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Closing the book on Oakland's Terrelle Pryor saga: The Arrival

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In part two of this three part part series, Terrelle Pryor arrives with the Oakland Raiders. CLICK HERE to return to The Beginning.


On April 23, 2011 the Oakland Raiders drafted Terrelle Pryor in the third round of the supplemental draft. Afterward they announced that their intention was for him to play quarterback first and foremost.

With the NFL lockout going on, the supplemental draft happened during training camp. Four days after he was chosen by the Raiders, he arrived in Napa, just in time for the final day of camp.

In that one day of practice, he looked worse throwing the football than I have ever seen from a quarterback in an NFL practice. His passes either wobbled, sailed, floated, died or some combination of those. In team sessions I counted exactly ONE pass the entire day that was an on-target spiral. Sure it was one day, it was late in camp, and he was rusty, but on many of his throws he literally looked like he had never held a football before. It was baffling.

Then in his post-practice interview, he was asked the same question about his willingness to switch positions. This time his answer was different than it had been in pre-draft workouts for NFL teams. This time he said unequivocally that he was a quarterback.

In that same conversation, he reiterated that he accepts the suspension handed down by the commissioner and would serve it without appeal. He then, of course, later appealed his suspension, which in the end, was upheld.

He would spend the first five weeks of the NFL season like a ship passing in the night to his new teammates. They would have their practice and when it was over, while they filed into the locker room, he was suiting up to head out to the field for individual drills.

Following week four of that season, while Pryor was still serving his suspension, the man who drafted him passed away. Al Davis, who was dazzled enough by Pryor's 6-5 frame and 4.43 speed was no longer there to ensure his new toy took the field. His son Mark would take over as owner while head coach, Hue Jackson, was the unofficial acting general manager the rest of the season.

In week six of the 2011 season, Pryor was eligible to play for the first time. Just before that, however, starter Jason Campbell broke his collarbone and there was an immediate shake-up in the quarterback ranks. That shake-up was headlined by the acquiring Carson Palmer in trade from the Bengals.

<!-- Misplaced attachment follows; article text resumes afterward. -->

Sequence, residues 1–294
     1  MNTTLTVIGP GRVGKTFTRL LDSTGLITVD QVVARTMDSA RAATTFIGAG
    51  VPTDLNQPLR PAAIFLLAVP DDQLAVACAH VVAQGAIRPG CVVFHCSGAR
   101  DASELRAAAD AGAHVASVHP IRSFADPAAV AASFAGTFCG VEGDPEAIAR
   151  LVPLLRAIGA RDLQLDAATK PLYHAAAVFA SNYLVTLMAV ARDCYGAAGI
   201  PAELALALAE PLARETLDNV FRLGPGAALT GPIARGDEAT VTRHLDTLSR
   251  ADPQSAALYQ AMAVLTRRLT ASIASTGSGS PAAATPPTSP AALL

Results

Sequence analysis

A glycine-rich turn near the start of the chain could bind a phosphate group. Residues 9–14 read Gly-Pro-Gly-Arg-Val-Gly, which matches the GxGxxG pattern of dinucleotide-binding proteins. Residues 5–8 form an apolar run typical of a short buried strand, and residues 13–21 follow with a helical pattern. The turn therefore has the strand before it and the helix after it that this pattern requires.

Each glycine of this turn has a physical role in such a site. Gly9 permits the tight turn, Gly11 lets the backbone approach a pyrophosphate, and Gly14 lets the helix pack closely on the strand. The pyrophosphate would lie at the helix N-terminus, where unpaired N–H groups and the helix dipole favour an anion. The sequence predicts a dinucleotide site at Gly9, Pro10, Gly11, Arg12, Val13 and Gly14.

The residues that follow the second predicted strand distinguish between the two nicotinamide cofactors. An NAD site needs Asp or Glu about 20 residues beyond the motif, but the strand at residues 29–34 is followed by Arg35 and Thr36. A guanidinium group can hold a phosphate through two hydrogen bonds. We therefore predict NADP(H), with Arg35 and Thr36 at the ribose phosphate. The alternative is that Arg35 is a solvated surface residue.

Throughout the bye week that followed, Hue Jackson played cat and mouse with the media as to whom would be starting the next game. Kyle Boller was the primary backup to Campbell and seemed like the most logical choice due to Palmer just arriving off his couch with little to no knowledge of the playbook and Pryor having just been activated off the suspended list.

But Hue thought competitive advantage against the rival Chiefs was his best weapon and therefore split reps in practice between the three quarterbacks to keep up the mystery. In the end a not properly prepared Kyle Boller would start, throw three interceptions before being replaced by Palmer who, being not ready at all, threw three interceptions of his own.

In the middle of this clusterf--k, Terrelle Pryor trotted onto the field to take his first snap as an NFL player. He set up behind center on a called sneak and started to lean forward before the ball was snapped. He was called for a false start and then came off the field not to return.

He would be active for the following week and then inactive the rest of the season. That was it for Pryor in 2011. Not only that but since his one play was a penalty, it was unofficial. So technically he didn't play a single snap that season.

Immediately after the season, the entire front office and coaching staff was overhauled. Reggie McKenzie came in as GM, he fired Hue Jackson, replaced him with Dennis Allen and he hired nearly an entire new coaching staff.

Carson Palmer remained starting quarterback with Pryor heading into camp battling for the primary backup job with newly acquired, Matt Leinart. Pryor would lose that battle and the Raiders went into the season with Palmer, Leinart, and Pryor as 1-2-3.

During the first 15 games of the 2012 season, Pryor had a total of three plays on offense -- one pass, one run, and one catch. The dismantled, patchwork team limped into the final week of the season at 4-11.

At that point the season was lost and it was time for the Raiders to get a glimpse of what kind of player they had in Terrelle Pryor. So, he was named the starter for the final game of the season.

Pryor took the field as the starter in San Diego in front of a crowd that was made up of as many Raiders fans as Chargers fans -- which is standard for the Raiders annual trip to San Diego.

Before the game, as if some kind of sign of the end of times, it began hailing. HAILING... in SAN DIEGO. By the time the game started, the hail had stopped but it made the field a little muddy. Mostly it just made for some old school looking pictures of Raiders players in muddied white jersey's. Though it didn't affect the play in the game.

All in all, Pryor had a decent debut. He went 13 for 28 (46%) for 150 yards and 2 touchdowns with one interception. He added a rushing touchdown as well and the Raider fell 21-24 to the Chargers. It made for some interesting fodder and had Raiders fans salivating at his potential heading into the 2013 season.

Continue on to the next part of the saga: The Final Chapter